Maha Kumbh and the Spiritual Interventions On the Political Landscape of India
January 25, 1966, Allahabad, Uttar Pradesh, northern India
Just a day earlier she was elected the Prime Minister of India and today the relatively young (aged 48) woman leader of the world’s largest democracy had travelled in an Asthi (ashes) special train to the holy confluence of three rivers at the Sangam. It was indeed a spiritual irony of sorts, for the Ganga, (Ganges), the Yamuna and the (mythical) Saraswati, all named after female Hindu Goddesses were welcoming the first woman leader of modern India, who then had neither the power, nor the influence that the supposedly powerful Goddesses possess.
Indira Gandhi, largely seen as a decorative piece of figurehead leadership in the India of 1960’s was naturally nervous. It was widely presumed that the powerful cabal known as the ‘Syndicate’ and led by the Congress party president, K. Kamaraj was the actual power behind the throne. Yet, a vast nation needed to be convinced that Mrs Gandhi was more than just Jawaharlal Nehru’s daughter, and Prayag was the first stop on the journey towards that goal.
This was the second day after Mauni Amavasya (the holiest day to take a dip at the Sangam, when the largest crowd gathers in the entire Kumbh Mela). Travelling in the special train, Indira Gandhi was carrying the ashes of the popular 2nd Prime Minister of India, Lal Bahadur Shastri, who had passed away just a few days ago in Tashkent. As per Hindu tradition, the ashes were to be immersed at the holy confluence of three rivers. This was a public relations dream scenario, so an open immersion was organized, wherein hundreds of millions of people would participate in bidding adieu to their leader. Also hundreds of millions of Indians would watch their new leader performing a national duty. This was live audience witnessing the great transition in an era when television was almost non-existent in a country like India.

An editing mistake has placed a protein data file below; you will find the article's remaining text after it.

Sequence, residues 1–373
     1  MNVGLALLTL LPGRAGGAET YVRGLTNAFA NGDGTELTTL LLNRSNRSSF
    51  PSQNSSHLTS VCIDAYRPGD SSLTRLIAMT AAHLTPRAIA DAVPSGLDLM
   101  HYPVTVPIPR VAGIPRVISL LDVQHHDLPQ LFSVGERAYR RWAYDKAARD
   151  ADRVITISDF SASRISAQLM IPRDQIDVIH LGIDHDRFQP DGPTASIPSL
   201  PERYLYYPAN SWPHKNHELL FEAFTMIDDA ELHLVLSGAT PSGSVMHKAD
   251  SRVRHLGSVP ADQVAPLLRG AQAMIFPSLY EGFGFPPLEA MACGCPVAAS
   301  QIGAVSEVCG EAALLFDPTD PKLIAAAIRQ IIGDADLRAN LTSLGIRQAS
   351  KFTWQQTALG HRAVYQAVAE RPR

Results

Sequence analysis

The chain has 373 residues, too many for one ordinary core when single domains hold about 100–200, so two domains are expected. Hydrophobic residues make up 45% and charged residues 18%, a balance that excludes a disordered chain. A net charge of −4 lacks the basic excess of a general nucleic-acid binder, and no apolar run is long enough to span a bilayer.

The government had relaxed the inoculation requirements in order to facilitate more people to visit the Sangam and pay their homage to Shastri. In those days of epidemics, the Kumbh village was known for large number of deaths due to various diseases, so a stringent inoculation regime was in place for these events. It must be noted here that the previous Kumbh of 1954 was a huge disaster leading to the death of many thousands. The two important reasons for the 1954 disaster were; 1) Concentrated VIP presence leading to stampedes and 2) Removal of cholera inoculation requirements. Thus it was a dicey situation on the 25th of January 1966, as similar factors that led to the 1954 disaster where playing out on this day.
Just one error of judgement or one mistake by the district administration could have resulted in a disastrous start to Indira Gandhi’s political innings. The Prime Minister had personally overseen the management of that event in order to avoid any untoward incident (giving us glimpses of her iron-fisted approach to administration in the future). Mrs Gandhi was accompanied by stalwarts like S. Radhakrishnan (the second president of India), K. Kamraj (Congress party president) and Zakir Husain (future president of India). Yet, she overshadowed all of them and gave a masterful performance.
There are many Kumbh folklores that tell the story of how Devrah Baba, a legendary Indian Sadhu who was supposed to be aged 350 then (no scientific independent confirmation of these claims), had predicted on that day that Mrs Gandhi would continue to rule India for close to 2 Kumbh cycles (20 odd years). Whatever the veracity of the folktales and legends, the fact of the matter is that lakhs and millions of people went back to their villages and towns from the Kumbh and they carried the stories of Indira Gandhi and her convincing leadership. A vast majority of them also retold the stories of her predicted greatness. Thus, a new leader was born.